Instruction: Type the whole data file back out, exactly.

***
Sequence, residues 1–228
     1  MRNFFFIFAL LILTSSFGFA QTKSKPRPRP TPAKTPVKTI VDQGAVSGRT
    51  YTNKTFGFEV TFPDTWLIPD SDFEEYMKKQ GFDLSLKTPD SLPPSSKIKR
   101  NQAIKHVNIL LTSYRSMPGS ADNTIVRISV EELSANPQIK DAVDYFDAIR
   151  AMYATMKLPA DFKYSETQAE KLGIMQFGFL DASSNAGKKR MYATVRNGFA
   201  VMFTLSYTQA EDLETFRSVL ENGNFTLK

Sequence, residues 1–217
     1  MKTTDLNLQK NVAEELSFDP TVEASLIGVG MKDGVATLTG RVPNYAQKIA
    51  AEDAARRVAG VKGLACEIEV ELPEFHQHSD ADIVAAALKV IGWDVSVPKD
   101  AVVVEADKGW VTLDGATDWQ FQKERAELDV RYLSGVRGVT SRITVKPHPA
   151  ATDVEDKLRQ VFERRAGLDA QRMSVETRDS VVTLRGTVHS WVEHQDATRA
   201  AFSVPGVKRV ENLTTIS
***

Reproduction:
Sequence, residues 1–228
     1  MRNFFFIFAL LILTSSFGFA QTKSKPRPRP TPAKTPVKTI VDQGAVSGRT
    51  YTNKTFGFEV TFPDTWLIPD SDFEEYMKKQ GFDLSLKTPD SLPPSSKIKR
   101  NQAIKHVNIL LTSYRSMPGS ADNTIVRISV EELSANPQIK DAVDYFDAIR
   151  AMYATMKLPA DFKYSETQAE KLGIMQFGFL DASSNAGKKR MYATVRNGFA
   201  VMFTLSYTQA EDLETFRSVL ENGNFTLK

Sequence, residues 1–217
     1  MKTTDLNLQK NVAEELSFDP TVEASLIGVG MKDGVATLTG RVPNYAQKIA
    51  AEDAARRVAG VKGLACEIEV ELPEFHQHSD ADIVAAALKV IGWDVSVPKD
   101  AVVVEADKGW VTLDGATDWQ FQKERAELDV RYLSGVRGVT SRITVKPHPA
   151  ATDVEDKLRQ VFERRAGLDA QRMSVETRDS VVTLRGTVHS WVEHQDATRA
   201  AFSVPGVKRV ENLTTIS